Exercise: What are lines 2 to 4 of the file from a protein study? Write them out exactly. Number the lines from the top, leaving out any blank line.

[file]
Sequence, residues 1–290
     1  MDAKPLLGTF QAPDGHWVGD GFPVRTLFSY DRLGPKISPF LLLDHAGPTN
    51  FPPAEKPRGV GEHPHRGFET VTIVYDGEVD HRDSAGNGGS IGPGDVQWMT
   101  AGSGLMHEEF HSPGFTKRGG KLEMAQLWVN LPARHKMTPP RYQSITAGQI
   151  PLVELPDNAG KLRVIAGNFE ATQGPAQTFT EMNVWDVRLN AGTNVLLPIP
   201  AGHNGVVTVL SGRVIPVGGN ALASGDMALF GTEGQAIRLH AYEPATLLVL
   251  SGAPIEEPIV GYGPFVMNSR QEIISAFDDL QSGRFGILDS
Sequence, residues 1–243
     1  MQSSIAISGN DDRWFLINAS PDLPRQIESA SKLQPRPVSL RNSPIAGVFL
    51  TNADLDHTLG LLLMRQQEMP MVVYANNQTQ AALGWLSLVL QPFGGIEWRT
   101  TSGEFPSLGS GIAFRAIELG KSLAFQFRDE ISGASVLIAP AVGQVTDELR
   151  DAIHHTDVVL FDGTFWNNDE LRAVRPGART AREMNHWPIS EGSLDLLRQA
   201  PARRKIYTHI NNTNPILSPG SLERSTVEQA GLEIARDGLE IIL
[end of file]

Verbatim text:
     1  MDAKPLLGTF QAPDGHWVGD GFPVRTLFSY DRLGPKISPF LLLDHAGPTN
    51  FPPAEKPRGV GEHPHRGFET VTIVYDGEVD HRDSAGNGGS IGPGDVQWMT
   101  AGSGLMHEEF HSPGFTKRGG KLEMAQLWVN LPARHKMTPP RYQSITAGQI